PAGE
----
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Apple TV 4K (2017)

by Apple

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Apple 4K TV Takes 4K HDR Mainstream

The early days of 4K HDR was very clunky with products like the Sony FMPX10 4K Ultra HD Media Player that are hard to use and find content for.

With the launch of 4K Blu-ray, standalone players like the Samsung UBD-K8500 3D Wi-Fi 4K Ultra HD Blu-ray Player (2016 Model) and gaming consoles like the Xbox One S could start playing 4K@60hz Blu-ray content with HDR10.   

Then 4K streaming devices like the Amazon Fire TV (2015) appeared which only supported 4K@30hz and no HDR even though it supported HDMI 2.0.  The Roku Ultra also supported HDR10 while the Chromecast Ultra supported both HDR10 and Dolby Vision, and even the Xiaomi 4K Mi Box (2016)  supported HDR10 and HLG.

The Apple TV 4K was released in late 2017, and comes in as a late adopter of 4K HDR technology. The past Apple TV's have been released every couple years with the previous versions being the Apple TV (2013) and Apple TV (2015), so 2017 made sense for Apple to release their first 4K HDR version supporting both HDR 10 and Dolby Vision.

The Apple TV 4K has the same A10X Fusion chip found in the Apple iPad Pro- 12.9" (2nd Gen 2017) and iPad Pro- 10.5", making it unique among other streaming media devices from Amazon, Google, Roku, Xiaomi, etc. who use third party chip vendors. Depending on its own chip technology development also limits how quickly Apple can put out new product iterations. Based on teardowns, the A10X Fusion chip natively supports DisplayPort so it has to use a DisplayPort to HDMI chip to output HDMI 2.0 in the Apple TV 4K.

Most importantly, by waiting until the dust settles and allowing technology to be more mature and 4K HDR content more available, Apple targets users who are not A/V early adopters but rather its user base expecting an easy to use premium product that delivers a great user experience. To make it easy for everyone to enjoy 4K HDR, Apple uses its A10X Fusion chip to post process all content and displays them in stunning 4K HDR.  

Furthermore, given Apple doesn't produce its own 4K HDR content like Amazon and Netflix, Apple has to instead rely on its partnership with Hollywood to deliver a lot of popular movies natively in 4K HDR. Previously, only Walmart owned Vudu was the main source of purchase for 4K HDR movie content but only for select titles but Apple has done a good job in making popular movies available to everyone in 4K HDR.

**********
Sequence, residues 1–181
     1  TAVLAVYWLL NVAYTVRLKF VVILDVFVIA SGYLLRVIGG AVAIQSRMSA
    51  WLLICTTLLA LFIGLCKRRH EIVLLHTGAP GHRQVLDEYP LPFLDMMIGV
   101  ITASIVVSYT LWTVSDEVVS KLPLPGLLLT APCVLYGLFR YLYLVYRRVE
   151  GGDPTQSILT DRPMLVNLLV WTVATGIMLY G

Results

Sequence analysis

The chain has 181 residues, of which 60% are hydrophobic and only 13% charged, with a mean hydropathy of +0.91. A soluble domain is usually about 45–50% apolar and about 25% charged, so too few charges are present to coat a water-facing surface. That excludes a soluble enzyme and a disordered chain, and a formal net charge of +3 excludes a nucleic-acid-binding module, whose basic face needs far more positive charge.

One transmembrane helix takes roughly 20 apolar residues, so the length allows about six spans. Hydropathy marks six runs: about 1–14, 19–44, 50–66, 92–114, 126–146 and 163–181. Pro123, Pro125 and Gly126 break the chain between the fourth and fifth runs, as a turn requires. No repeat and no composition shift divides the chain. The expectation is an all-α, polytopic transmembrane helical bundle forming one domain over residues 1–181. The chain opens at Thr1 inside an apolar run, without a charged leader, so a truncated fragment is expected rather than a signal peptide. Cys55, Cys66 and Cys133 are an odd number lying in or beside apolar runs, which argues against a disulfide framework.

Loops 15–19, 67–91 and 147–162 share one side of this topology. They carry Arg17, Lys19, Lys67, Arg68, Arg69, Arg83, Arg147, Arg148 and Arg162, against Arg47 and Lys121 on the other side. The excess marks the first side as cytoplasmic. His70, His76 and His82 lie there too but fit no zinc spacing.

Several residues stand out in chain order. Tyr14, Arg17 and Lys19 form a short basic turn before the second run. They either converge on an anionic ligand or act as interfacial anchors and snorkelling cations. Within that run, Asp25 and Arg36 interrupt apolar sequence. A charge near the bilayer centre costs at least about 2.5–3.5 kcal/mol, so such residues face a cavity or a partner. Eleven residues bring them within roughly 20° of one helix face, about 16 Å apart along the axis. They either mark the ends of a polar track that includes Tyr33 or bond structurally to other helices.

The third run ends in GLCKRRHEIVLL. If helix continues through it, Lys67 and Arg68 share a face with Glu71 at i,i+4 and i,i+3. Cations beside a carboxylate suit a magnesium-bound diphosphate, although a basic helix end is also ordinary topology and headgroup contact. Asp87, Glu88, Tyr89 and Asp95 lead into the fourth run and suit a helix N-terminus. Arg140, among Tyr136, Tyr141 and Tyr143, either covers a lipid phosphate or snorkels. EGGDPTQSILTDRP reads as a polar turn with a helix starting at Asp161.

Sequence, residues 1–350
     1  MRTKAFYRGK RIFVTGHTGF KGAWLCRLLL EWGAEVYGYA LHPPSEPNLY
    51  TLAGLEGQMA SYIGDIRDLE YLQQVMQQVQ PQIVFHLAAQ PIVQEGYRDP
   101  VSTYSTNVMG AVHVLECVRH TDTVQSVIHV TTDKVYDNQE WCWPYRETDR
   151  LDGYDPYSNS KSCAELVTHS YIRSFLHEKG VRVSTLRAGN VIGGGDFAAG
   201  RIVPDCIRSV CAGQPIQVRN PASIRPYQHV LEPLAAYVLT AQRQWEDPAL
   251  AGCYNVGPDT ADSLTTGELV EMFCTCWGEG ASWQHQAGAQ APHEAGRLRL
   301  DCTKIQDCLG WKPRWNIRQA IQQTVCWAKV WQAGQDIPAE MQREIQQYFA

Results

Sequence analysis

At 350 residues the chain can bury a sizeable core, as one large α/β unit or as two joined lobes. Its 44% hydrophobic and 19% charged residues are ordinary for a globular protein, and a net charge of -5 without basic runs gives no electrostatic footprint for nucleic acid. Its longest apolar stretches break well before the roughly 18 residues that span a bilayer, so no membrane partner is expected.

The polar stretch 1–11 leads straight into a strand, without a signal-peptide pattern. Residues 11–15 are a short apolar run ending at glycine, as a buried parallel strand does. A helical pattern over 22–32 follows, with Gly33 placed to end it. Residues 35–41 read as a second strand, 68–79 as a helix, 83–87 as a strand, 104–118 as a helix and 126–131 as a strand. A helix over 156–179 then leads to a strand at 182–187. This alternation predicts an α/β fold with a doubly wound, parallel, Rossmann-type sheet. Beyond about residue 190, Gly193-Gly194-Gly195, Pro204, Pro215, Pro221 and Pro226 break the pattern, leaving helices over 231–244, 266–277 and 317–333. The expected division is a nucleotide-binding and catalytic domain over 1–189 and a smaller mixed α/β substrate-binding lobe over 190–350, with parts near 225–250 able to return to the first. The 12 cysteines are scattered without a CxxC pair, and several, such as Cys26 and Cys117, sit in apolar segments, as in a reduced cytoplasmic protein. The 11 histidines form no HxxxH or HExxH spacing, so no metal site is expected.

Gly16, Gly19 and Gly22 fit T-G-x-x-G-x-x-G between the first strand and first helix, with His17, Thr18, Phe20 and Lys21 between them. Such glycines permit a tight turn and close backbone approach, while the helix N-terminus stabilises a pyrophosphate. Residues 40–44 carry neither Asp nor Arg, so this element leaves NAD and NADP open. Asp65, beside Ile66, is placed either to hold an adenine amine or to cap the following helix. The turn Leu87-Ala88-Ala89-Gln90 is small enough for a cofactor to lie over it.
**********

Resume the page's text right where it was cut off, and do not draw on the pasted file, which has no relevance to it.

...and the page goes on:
To A/V enthusiasts, Apple taking Dolby Vision HDR content and translating that into HDR10 was heresy so Apple released an update of the software where the Apple TV 4K would only replay the original HDR and frame rate found on the content. This allows Dolby Vision HDR content to stay as Dolby Vision HDR but also means that non-HDR content doesn't get the benefit of HDR processing. Most mainstream users probably would not notice the color changes associated with this post processing but this content matching feature at least allows color and refresh rate fidelity to those that care.

The Apple TV 4K also gives Apple another strategic location for Siri inside the living room in front of the TV. Not only can Siri control what shows you want to watch, but you can use Siri for other commands to control Apple HomeKit smart home devices. The Apple TV 4K also serves as a HomeKit hub which you can remotely access and control outside the home.

Apple's simple goal is to make everything 4K HDR no matter what the source (iTunes, Netflix, Amazon Prime Video, Hulu, YouTube, Google Play, your normal TV service, etc.), but also stream popular movies natively in 4K HDR without the hassle of going out to purchase a 4K Blu-ray disc. To try out the  Apple TV 4K, we purchase it online from the Apple Store even though it now technically can be purchased from Amazon given that it now supports Amazon Prime Video. However for the 2017 holiday season, the Apple TV 4K still appeared to be unavailable for purchase on Amazon. Fortunately, even through the Apple Store the Apple TV 4K is priced at a lower level than what people are used to seeing from Apple.

The Apple TV 4K box comes in a very compact style similar to the AirPort Express Base Station, but with absolutely no color other than black and white.

Inside the Apple TV 4K box contains the Siri and touch enabled remote control, Lightning to USB Type-A cable for charging the remote control, AC power cord, and documentation.

Apple carefully protects the interface ports and sides from scratches with removable black tape.

The back of the Apple TV 4K has an AC adapter connector, HDMI 2.0 port, and Gigabit Ethernet port.

The bottom of the Apple TV 4K has air vents at the bottom to help deal with heat.

The Apple TV 4K doesn't have any buttons with all control done through the remote control.

The Apple TV 4K's remote control itself it similar to the one used by the Apple TV (2015). Like the earlier version, you can navigate around the Apple TV menu by sliding your finger up, down, left, and right the top part of the remote control but we still found this difficult to use. The best feature of the remote control was the Siri button (with the microphone logo) which allows you to easily spell out your account info, passwords, speak commands, etc. The remote control has a very minimalist design forcing you to only use the Menu, Siri  pause/play, and volume buttons.

The Lightning connector for charging is at the bottom of the remote.

We next look at how to set up the Apple TV 4K with the help of the iPhone X in this review.

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